Truth and Reconciliation
Updated: Nov 24, 2022
One of the ways that we feel called to live into our vision, Fullness of Life for Everyone by Practicing the Way of Jesus Together, is by committing to learning about the history of Canada's relationship with Indigenous people so that we can actively and lovingly practice reconciliation as Jesus leads. This last week of September is National Truth & Reconciliation Week culminating in a Day for Truth & Reconciliation on September 30.
The following resources will serve as valuable learning tools for us in the coming months and years. We encourage you to take note of the resources and ask Jesus if he would like you to engage with any.
This dynamic equivalence translation (thought-for-thought) of the New Testament captures the beauty, clarity and simplicity of Indigenous storytelling traditions while remaining faithful to the original language of the New Testament. Just as the NIV and NLT use different cultural idioms to communicate first century truths to us in our language and context, the FNV resonates within the unique Indigenous context.
As a staff, we have been doing our Tuesday morning team devotions with this translation, and have all been profoundly impacted by the opportunity to learn from it and experience the Scripture in new ways.
Consider reading through it yourself (it is available wherever books are sold) — compare and contrast it to the translation you use for study and meditation. What comes alive? What’s more confusing? What’s more clear? We are excited to hear what you learn!
'The Truth and Reconciliation Commission of Canada's mandate was to inform all Canadians about what happened in residential schools. The TRC documented the truth of Survivors, their families, communities and anyone personally affected by the residential school experience. This included First Nations, Inuit and Métis former residential school students, their families, communities, the churches, former school employees, government officials and other Canadians.'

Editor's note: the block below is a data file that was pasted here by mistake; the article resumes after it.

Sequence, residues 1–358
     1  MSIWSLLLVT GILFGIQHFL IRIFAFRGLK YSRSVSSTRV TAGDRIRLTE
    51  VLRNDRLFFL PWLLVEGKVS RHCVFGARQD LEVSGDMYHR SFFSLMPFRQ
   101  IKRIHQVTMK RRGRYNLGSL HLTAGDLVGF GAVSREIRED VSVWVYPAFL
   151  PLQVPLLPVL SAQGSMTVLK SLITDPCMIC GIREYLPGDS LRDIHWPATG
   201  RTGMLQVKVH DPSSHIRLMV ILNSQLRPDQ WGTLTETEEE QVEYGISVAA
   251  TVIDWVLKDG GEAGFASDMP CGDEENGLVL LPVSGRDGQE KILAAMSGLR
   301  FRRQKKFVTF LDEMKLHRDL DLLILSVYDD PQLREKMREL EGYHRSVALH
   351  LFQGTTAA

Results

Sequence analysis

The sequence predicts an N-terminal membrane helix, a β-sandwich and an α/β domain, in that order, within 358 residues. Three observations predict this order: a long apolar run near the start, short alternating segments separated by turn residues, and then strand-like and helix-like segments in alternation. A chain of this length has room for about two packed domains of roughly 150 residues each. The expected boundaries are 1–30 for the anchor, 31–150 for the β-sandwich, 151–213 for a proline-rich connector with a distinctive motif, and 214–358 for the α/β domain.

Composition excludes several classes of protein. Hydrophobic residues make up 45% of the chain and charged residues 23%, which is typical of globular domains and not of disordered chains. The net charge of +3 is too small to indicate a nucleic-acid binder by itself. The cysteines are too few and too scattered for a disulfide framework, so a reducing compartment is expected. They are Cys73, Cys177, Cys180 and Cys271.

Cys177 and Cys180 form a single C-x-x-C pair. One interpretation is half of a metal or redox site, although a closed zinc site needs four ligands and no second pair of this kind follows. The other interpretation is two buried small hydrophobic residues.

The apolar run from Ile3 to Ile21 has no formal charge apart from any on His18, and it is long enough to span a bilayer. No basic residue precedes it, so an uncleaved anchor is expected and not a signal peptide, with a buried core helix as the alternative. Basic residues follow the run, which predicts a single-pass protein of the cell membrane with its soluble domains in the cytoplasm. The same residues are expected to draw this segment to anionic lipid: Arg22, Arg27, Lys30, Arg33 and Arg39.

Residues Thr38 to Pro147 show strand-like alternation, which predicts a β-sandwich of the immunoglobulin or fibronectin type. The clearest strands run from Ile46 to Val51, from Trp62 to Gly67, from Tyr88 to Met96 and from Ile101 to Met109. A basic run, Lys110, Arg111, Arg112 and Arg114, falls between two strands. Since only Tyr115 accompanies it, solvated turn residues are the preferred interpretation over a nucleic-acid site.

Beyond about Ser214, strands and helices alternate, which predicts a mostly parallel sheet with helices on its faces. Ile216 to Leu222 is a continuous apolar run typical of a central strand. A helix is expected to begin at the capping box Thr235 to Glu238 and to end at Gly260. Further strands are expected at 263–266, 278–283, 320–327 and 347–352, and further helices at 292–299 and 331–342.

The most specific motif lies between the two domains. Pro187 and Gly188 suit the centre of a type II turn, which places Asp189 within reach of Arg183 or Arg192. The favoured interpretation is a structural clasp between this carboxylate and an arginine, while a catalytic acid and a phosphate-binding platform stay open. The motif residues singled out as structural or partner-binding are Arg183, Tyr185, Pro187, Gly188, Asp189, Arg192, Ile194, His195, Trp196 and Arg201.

The TRC concluded its mandate in 2015 and transferred its records to the safekeeping of National Centre for Truth and Reconciliation. The website is a rich resource for finding publications, books, and reports issued during and after the commission's work. Explore the online exhibits! Read about how the TRC got started. Watch videos. The learning opportunities are endless. Send us links to what you have found to be most informative or impactful!
One of the most comprehensive and accessible resources available to the public is a free course offering from the University of Alberta called Indigenous Canada. Many of us missed out on this kind of learning during our early education and experience a disconnect between the history we were taught, and the reality that our children and grandchildren are now wrestling with. This is an excellent way to close the gap so that we can engage in conversations with the same base of understanding. The course is completely free and there are 12 modules of videos that you can view at your leisure to learn all about the fur trade and other exchange relationships, land claims and environmental impacts, legal systems and rights, political conflicts and alliances, Indigenous political activism, and contemporary Indigenous life, art and its expressions. "Indigenous Canada is a 12-lesson Massive Open Online Course (MOOC) from the Faculty of Native Studies that explores the different histories and contemporary perspectives of Indigenous peoples living in Canada. From an Indigenous perspective, this course explores complex experiences Indigenous peoples face today from a historical and critical perspective highlighting national and local Indigenous-settler relations." Have you already taken this course? What did you think? Are you enrolled? We'd love to know about your learning journey!
When the Truth and Reconciliation Commission completed its extensive work in 2015, it issued a number of "actionable policy recommendations meant to aid the healing process in two ways: acknowledging the full, horrifying history of the residential schools system, and creating systems to prevent these abuses from ever happening again in the future."
Of the 94 calls to action issued by the TRC, five pertain to church apologies and explicitly invite churches to action. Particularly, the commission calls on churches to: "… develop ongoing education strategies to ensure that their respective congregations learn about their church’s role in colonization, the history and legacy of residential schools, and why apologies to former residential school students, their families, and communities [are] necessary."
Reading through the Calls to Action and then prayerfully discerning how Jesus would ask our local church community to respond on behalf of ourselves and the wider Church in Canada is an excellent early step in the direction of truth and reconciliation.